Podcast 78 - Lactate & The Glycolytic Flux Capacitor


I was listening to Eric give a lecture during his ventilator pre-conference workshop. I forget the exact context, but he mentioned that lactate was a normal product of glycolysis. While lactate can be produced through glycolysis, this statement somewhat shook my understanding of how and why lactate is produced. I approached him later and asked him to explain why you would need to produce lactate if there was neither a supply or demand of oxygen. I asked Sam and Chip Lange from TOTALEM to come on and chat nerdy with me.

At the end of glycolysis you end up with:

Two Pyruvate

Two NAD+

Two ATP

Now the pyruvate will need to donate an electron to NAD+ (which will now be called NADH).

The NADH will now carry that electron into the mitochondria to begin Kreb cycle and eventually the electron transport chain (ETC). There are a few things that can disrupt this process.

Anaerobic Metabolism: In the absence of oxygen, the ETC will begin to back up. The entire reason we NEED oxygen is to operate as the final electron accepter in the production of ATP. Imagine a water brigade that terminates with someone who is unable to empty their bucket, the entire line would then back up. This is exactly what happens when oxygen is not present or demand exceeds supply.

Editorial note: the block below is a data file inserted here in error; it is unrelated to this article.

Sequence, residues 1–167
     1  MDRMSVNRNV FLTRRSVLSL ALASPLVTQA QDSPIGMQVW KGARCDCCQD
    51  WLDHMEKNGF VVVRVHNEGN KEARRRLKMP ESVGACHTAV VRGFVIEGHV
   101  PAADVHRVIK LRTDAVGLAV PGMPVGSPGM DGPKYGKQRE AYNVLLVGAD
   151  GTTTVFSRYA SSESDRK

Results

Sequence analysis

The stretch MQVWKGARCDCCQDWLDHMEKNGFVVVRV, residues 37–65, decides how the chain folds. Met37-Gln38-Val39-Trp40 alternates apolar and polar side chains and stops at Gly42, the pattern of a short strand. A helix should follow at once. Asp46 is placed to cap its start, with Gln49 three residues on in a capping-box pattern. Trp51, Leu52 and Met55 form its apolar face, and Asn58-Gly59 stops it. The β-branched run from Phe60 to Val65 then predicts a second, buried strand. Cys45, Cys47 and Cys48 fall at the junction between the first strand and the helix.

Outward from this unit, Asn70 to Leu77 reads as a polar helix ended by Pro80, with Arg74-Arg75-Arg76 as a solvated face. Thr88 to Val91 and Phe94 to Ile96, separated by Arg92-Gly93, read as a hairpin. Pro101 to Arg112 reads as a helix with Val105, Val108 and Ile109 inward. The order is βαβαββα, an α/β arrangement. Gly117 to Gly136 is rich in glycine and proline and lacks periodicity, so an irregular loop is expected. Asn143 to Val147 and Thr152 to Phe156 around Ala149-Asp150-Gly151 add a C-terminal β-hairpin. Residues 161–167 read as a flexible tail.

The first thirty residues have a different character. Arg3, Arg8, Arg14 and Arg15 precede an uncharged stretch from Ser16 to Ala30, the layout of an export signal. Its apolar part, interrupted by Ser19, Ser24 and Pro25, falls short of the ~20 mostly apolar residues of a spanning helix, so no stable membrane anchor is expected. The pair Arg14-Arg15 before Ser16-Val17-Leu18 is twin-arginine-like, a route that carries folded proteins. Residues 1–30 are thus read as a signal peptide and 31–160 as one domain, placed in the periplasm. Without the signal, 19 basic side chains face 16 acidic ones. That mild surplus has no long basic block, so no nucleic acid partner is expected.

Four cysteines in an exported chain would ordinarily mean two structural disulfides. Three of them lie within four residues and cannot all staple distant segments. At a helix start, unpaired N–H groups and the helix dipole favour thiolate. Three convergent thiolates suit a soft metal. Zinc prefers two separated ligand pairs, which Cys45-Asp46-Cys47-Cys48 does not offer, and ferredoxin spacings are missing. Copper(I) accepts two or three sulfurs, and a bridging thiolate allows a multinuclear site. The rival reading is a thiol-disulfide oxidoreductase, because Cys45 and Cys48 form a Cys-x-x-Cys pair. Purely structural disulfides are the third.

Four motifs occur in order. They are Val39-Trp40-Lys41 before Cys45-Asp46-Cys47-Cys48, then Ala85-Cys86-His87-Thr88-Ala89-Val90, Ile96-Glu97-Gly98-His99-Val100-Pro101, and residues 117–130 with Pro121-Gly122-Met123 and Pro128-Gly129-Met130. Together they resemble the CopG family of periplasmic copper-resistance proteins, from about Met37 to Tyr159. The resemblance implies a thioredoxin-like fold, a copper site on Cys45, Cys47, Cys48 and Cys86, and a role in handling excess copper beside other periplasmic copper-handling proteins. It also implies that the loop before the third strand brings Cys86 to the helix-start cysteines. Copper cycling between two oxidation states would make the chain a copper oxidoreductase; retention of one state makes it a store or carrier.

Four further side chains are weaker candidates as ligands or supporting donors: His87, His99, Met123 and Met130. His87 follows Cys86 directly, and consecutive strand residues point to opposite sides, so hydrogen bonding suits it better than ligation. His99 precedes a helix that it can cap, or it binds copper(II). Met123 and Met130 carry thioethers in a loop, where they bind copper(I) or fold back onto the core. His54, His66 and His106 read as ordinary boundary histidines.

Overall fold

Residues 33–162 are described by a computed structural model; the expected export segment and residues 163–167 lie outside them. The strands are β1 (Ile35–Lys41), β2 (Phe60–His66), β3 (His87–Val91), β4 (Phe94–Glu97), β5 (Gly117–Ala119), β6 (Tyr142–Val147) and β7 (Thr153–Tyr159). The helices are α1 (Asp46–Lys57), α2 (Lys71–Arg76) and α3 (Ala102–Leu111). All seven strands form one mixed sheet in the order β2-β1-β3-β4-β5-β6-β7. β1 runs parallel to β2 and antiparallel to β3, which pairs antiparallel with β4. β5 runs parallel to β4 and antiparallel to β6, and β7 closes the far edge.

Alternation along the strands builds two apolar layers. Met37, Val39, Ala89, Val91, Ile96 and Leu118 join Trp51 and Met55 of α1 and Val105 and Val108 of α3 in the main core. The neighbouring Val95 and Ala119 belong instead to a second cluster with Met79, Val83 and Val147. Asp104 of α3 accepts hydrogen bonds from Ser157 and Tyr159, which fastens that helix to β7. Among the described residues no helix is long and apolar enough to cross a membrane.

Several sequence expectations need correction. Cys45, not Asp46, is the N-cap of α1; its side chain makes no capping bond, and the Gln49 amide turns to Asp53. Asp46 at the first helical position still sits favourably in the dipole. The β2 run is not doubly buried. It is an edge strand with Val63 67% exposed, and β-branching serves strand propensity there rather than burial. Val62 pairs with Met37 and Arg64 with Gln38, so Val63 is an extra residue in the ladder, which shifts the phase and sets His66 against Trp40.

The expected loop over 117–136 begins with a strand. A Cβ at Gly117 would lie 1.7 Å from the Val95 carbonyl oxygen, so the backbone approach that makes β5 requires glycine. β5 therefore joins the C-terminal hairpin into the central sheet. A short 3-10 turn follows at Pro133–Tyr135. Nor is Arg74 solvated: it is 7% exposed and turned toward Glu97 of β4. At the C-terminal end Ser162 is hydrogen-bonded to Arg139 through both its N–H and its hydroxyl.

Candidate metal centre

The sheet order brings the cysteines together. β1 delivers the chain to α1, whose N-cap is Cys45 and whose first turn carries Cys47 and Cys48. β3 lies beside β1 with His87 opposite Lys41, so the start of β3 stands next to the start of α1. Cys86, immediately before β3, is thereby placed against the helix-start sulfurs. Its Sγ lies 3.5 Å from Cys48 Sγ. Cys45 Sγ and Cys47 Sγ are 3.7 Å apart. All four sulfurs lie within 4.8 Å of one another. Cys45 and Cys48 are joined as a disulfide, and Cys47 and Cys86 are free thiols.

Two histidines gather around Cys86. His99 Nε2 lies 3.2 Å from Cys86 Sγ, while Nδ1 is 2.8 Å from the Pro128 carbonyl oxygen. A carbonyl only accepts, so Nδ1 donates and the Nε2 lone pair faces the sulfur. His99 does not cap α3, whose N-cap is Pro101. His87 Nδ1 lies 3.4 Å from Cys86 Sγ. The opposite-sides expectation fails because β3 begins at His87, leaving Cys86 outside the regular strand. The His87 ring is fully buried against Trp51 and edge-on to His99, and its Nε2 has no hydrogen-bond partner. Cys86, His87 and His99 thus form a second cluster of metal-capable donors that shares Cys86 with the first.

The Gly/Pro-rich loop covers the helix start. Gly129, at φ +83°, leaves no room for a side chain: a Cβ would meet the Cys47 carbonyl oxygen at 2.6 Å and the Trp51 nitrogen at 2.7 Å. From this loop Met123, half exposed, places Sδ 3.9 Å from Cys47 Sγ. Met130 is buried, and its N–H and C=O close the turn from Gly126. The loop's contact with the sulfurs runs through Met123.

Glycolytic Flux: As catecholamines surge, the rate of glycolysis will increase. The pyruvate will not be able to donate an electron to NADH (because it's already loaded with an electron).

Keep in mind, this is not because there is a lack of oxygen , but rather because the Kreb cycle is moving at a slower rate than glycolysis. When this occurs, pyruvate will be converted to lactate and be able to accept the electron from NADH thus oxidizing it back to NAD+.

The pyruvate will then enter into something called the Cori Cycle.

This can be seen in studies that evaluate beta adrenergic drug therapy in correlation with lactate production. In one study published in CHEST (Lewis, 2014), they discovered a significant correlation between plasma albuterol levels and linear increases in lactate. This probably explains why septic patients who typically present with INCREASED cardiac output, still accumulate lactate.

So thats real cool and all, but is an accumulation of lactate bad?

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References:

Lewis, L. M., Ferguson, I., House, S. L., Aubuchon, K., Schneider, J., Johnson, K., & Matsuda, K. (2014). Albuterol Administration Is Commonly Associated With Increases in Serum Lactate in Patients With Asthma Treated for Acute Exacerbation of Asthma. Chest, 145(1), 53–59.doi:10.1378/chest.13-0930.

Hernández G, Ospina-Tascón GA, Damiani LP, et al. Effect of a Resuscitation Strategy Targeting Peripheral Perfusion Status vs Serum Lactate Levels on 28-Day Mortality Among Patients With Septic Shock: The ANDROMEDA-SHOCK Randomized Clinical Trial. JAMA. 2019;321(7):654–664. doi:10.1001/jama.2019.0071

The "Hiker's" that didn't accumulate lactate when their Pa02 dropped.

https://www.nejm.org/doi/pdf/10.1056/NEJMoa0801581